London Feeling: What is our capital like to a foreign tourist?

Ever wondered what it’s like to holiday in the UK, from a non-citizen’s perspective? In the way that we appreciate the novelty of sunshine, perhaps someone who doesn’t reside in the UK would find charm in our island, despite its temperamental weather. Do they notice things that we take for granted? I spoke to Megan Bradley, who moved to France nine years ago for her perspective.

“In October 2011, I had the opportunity to visit London for a few days with my friend, Elena. I wanted to get away for a while and experience the city, because living in the French countryside can get a little bit boring on times. To be honest there isn’t much more to see than grass and cows back home.

We left on the first Saturday of the half-term holidays and took a flight to Heathrow. That in its self came as a bit of a shock, having left the tiny airport in France only a couple of hours previously, with a minimal security check and nothing more. [I can verify this, I once landed at her local airport, to find baggage claim in what can only be described as a corrugated shed, twenty steps from the plane].

Fresh off the plane, the first thing we did was purchase a Cornish Pasty, because you can’t get them in France. I sat with Elena, and the pasty, on the Airport steps watching the world go by. We took the Tube back to the flat we were staying in which turned out to be eventful. Picture my suitcase, a woman’s foot being squashed and the glaring and swearing that ensued. However we eventually made it to Elena’s relatives. The first thing that struck me was feeling claustrophobic at so many houses and people crowded together. It was a stark contrast to the little village I live in, and the wide open spaces.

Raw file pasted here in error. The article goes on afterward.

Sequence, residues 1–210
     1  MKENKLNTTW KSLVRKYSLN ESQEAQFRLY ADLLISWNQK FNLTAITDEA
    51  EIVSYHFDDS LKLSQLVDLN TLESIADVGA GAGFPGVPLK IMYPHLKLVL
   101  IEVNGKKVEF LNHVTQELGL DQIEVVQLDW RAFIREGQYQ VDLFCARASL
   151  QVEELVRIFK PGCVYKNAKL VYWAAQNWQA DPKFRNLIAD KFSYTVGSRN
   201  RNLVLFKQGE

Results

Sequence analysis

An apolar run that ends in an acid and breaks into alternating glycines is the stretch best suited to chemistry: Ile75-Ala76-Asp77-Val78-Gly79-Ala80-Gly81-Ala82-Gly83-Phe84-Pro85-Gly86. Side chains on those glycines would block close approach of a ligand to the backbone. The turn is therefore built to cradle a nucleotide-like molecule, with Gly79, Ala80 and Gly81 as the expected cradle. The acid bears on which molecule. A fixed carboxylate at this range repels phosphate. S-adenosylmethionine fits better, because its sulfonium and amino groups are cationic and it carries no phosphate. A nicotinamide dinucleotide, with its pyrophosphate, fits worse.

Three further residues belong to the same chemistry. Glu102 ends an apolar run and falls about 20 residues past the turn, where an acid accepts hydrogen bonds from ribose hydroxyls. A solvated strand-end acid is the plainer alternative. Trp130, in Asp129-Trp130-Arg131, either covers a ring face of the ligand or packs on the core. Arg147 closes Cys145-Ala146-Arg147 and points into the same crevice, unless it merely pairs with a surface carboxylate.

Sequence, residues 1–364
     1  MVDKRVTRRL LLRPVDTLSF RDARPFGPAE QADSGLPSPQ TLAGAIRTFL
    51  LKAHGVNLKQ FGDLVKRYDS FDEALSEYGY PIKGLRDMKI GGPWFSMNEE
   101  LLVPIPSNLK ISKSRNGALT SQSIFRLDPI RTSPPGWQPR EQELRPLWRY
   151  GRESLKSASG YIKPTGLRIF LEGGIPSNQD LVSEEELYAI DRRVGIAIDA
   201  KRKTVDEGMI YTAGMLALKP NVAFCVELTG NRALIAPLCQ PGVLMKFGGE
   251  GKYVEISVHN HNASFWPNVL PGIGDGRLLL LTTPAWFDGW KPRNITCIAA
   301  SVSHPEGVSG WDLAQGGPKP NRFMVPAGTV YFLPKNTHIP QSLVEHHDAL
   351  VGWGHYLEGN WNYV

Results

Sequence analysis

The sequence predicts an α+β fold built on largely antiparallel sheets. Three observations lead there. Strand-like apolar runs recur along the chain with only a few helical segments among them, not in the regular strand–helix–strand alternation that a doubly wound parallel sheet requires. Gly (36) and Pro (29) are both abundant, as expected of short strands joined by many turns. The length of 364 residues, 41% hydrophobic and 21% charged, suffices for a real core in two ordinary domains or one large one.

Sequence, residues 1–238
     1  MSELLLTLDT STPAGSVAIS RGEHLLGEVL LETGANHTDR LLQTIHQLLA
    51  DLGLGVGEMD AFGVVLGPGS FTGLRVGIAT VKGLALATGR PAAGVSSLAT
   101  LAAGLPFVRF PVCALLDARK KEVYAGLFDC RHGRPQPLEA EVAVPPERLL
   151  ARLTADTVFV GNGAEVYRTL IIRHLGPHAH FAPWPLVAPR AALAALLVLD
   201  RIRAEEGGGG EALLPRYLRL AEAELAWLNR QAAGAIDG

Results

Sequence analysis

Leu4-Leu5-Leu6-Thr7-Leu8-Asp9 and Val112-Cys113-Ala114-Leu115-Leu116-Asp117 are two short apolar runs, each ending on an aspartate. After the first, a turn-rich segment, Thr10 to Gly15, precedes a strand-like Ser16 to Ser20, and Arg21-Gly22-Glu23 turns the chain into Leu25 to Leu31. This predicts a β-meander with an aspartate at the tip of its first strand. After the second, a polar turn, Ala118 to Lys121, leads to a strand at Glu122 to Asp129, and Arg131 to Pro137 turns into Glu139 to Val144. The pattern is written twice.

Being a seventeen year old girl, the schedule for our trip pretty much went; shopping, shopping then shopping. Of course we started at fashion mecca; Topshop, Oxford Circus. I nearly blew my budget in the multi-storey style haven so we decided it was best to head somewhere cheaper. The massive Primark was great, as was dinner at Pizza Hut, neither of which we have back home. One of my favourite things about London, and the UK in general is that how everyone dares to wear new things. One of the biggest drawbacks in France, or at least where I live is that wearing anything other than pumps and skinnies leaves you ostracized.

The next day was Camden Market which was amazing. For anyone who hasn’t been, it is basically a treasure trove of interconnecting stalls and warehouses that back onto the river. You had to duck under hanging t-shirts and navigate the endless labyrinth of antiques and imported leather. I bought loads of vintage clothing at brilliant prices and Elena even found a pair of Dr. Martens for less than thirty quid. We also went to Portobello Road where you could find an entire outfit for a fiver. It was just a great atmosphere with so many cultures entwined together.

On the penultimate night we went to China Town and tried to really embrace the experience. We ate with chopsticks and picked all the food that we wouldn’t normally dream of touching. Pig hoofs and frogs aren’t exactly delicious but at least we gave it ago. I think that is the wonderful thing about travelling. When you are at home you aren’t forced to take the leap, and you often don’t discover the wonderful things that you would if you were abroad. My advice is to try and be a tourist in your own town. It is important to try new things in a new place, but what about looking for new things in a place that you are used to?

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